In the Arena: Stempel has left the building


Thursday, October 19, 2017

The Ashli Stempel era on the Greenfield Town Council is over, at least for now.

Geographic issues have forced Stempel to resign her Precinct 8 seat, which she planned to vacate at the end of the year anyway.

“Over the past year and a half, we’ve been working to renovate and restore a home about a stone’s throw from Precinct 8,” Stempel said. “And the time has come to move in.”

Stempel regrets having to leave early, but says there really wasn’t much choice in the matter.

“Stepping down is the right thing to do,” Stempel said. “But that doesn’t mean I’m stepping away. You will still see me at the meetings and hear me during the public comments section.”

And, depending on how things break in November, there’s a good chance Stempel will be right back up at the big table come January, this time representing the entire town as an at-large councilor.


Is Greenfield’s Safe Cities Ordinance about to make a comeback?

Columnist Chris Goudreau’s piece this past week in the Valley Advocate indicated that this year’s progressive block of town council candidates are running in tandem with the hopes of advancing a whole bunch of initiatives — chief among them resurrection of the recently-defeated ordinance which would prohibit any Greenfield official to participate in federal deportation efforts of undocumented immigrants.

Other than being endorsed by like-minded organizations, there’s been no overt evidence of collusion between the various campaigns. Goudreau indicated that he was able to interview all of the candidates but Precinct 8’s Kelly Dixon, who was unable to be reached despite multiple attempts.

Dixon said she was in the middle of a 12-hour nursing shift when Goudreau called, and said she wasn’t ducking the conversation. She issued a statement of her own this week making it clear that she’s not on board with giving this particular measure a second bite at the legislative apple.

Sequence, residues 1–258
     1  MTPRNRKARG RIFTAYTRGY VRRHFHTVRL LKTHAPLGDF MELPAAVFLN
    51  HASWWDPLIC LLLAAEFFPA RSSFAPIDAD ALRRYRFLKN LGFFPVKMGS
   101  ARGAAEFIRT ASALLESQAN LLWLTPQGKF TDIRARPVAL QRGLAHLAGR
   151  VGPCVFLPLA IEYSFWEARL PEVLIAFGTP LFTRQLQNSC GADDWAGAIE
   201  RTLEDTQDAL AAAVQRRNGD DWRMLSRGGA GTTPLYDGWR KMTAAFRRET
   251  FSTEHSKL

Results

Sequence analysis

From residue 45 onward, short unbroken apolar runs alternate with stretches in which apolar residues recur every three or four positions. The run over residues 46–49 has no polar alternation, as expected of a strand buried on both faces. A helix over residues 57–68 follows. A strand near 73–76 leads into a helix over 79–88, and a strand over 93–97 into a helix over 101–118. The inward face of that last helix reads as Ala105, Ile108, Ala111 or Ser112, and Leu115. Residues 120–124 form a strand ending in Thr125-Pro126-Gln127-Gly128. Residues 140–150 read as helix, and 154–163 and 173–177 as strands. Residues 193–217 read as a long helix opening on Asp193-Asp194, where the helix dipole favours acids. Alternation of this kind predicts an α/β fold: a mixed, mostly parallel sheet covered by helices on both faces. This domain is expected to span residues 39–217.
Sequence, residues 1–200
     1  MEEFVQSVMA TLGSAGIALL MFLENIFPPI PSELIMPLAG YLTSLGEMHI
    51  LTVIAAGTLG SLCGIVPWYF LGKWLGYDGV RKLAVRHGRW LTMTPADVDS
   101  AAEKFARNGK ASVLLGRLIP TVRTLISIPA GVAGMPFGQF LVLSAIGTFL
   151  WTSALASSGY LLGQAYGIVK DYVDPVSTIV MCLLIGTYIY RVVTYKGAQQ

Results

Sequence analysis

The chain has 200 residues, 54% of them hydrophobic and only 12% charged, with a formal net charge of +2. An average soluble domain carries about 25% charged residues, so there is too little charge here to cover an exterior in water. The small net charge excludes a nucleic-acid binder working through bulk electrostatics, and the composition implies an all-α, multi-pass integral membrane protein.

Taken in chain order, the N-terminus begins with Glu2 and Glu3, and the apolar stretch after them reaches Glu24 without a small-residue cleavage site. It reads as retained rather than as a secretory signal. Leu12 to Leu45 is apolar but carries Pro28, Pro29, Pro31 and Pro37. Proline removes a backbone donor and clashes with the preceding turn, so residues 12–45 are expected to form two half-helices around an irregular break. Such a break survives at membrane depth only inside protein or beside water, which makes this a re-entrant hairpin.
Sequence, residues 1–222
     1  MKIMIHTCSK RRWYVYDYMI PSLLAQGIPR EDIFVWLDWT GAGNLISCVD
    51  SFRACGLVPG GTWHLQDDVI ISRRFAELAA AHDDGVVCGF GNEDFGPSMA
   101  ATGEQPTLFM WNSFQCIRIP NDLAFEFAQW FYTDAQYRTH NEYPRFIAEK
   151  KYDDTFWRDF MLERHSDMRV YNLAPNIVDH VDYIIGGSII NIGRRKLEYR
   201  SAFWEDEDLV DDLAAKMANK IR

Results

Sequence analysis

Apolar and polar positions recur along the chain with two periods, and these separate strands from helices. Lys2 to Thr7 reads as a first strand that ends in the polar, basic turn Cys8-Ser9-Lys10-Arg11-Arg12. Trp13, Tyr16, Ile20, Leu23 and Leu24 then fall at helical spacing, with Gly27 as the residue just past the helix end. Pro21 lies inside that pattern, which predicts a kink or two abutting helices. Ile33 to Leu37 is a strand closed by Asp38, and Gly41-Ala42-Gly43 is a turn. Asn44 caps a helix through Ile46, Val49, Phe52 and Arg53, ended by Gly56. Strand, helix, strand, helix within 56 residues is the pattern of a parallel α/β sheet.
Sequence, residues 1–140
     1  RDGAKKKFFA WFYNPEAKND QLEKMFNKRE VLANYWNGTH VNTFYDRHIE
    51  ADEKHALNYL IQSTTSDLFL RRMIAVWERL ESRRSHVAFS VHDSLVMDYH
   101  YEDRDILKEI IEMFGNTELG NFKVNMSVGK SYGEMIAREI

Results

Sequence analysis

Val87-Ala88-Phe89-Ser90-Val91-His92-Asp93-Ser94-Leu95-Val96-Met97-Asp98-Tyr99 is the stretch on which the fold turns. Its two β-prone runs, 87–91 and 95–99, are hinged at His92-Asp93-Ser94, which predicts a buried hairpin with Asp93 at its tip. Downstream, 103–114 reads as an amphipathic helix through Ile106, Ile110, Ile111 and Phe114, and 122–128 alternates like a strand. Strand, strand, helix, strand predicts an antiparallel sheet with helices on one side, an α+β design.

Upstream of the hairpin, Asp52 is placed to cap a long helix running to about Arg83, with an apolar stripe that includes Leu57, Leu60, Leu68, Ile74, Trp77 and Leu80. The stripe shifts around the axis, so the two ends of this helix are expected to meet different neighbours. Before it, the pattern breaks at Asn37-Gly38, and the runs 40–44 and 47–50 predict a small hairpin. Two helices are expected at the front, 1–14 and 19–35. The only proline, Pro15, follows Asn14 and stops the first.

“I believe efforts to revisit this issue before the town council are misguided,” Dixon said.

“The council has already spent most of a year investigating and debating an ordinance which was wholly symbolic and would change nothing with regard to the policy,” she added.

Dixon also believes the energy spent on Safe Cities allowed the council to take it’s eyes off other pressing matters like GCET, which recently saw the manager fired and 42 percent of the staff terminated after the mayor’s office assumed more of the hands-on management.

“GCET is one of the only truly creative economic development tools the town has taken on and it should have better oversight,” Dixon said.

I doubt that’s going to be an issue, given what’s happened recently.


Relocation of a Greenfield meet the candidates event provided town officials with a bit of a teachable moment this past week.

The Greenfield Public Library was prepared to team up with the League of Women voters to sponsor a meet and greet with candidates this past Tuesday at the library. Invitations were issued to both ballot candidates and write-ins.

The day before, however, Council Vice President Isaac Mass raised some questions about the propriety of a political event being held at a public building, and being de facto sponsored by a town employee, in this case the town’s librarian.

Mass’ actions drew a barrage of social media criticism from a number of people, myself included. To me, it seemed to smack of more petty political gamesmanship, but the more I learned, the more Isaac’s argument began to make sense.

Mass says his intention never was to get the event cancelled, but he had big concerns about a couple of aspects of it, including how the event was promoted.

Mass said the candidates were listed in the promotional advertisement neither in alphabetical order nor the order they appear on the ballot, which he said may have been construed as a tacit endorsement of those candidates whose names were placed up front.

He also expressed concern about a town department working directly with the League of Women Voters, which Mass believes could be interpreted as an endorsement of the league’s political activities.

Mass emailed Town Clerk Deb Tuttle suggesting that she check with the Office of Campaign and Political Finance to ensure that no laws had been violated, to which Tuttle replied that the event had been cancelled. It was eventually moved to the Hawks and Reed Performing Arts Center.

Another point brought up during the post-event coverage was the propriety of holding an event for council candidates at a location that the renovation of which the council will likely be voting on early next year.

It’s not clear what sanctions the town might have faced had the library event gone forward, but it seems that a bullet may have been dodged by Isaac’s “interference.” I apologize for judging him so harshly.

I wonder how many of his other critics will have the temerity to do the same.

Chris Collins is the Franklin County News Bureau Chief for WHAI, WPVQ and WHMP Radio. He is a former staff reporter for The Recorder, and is a Greenfield native.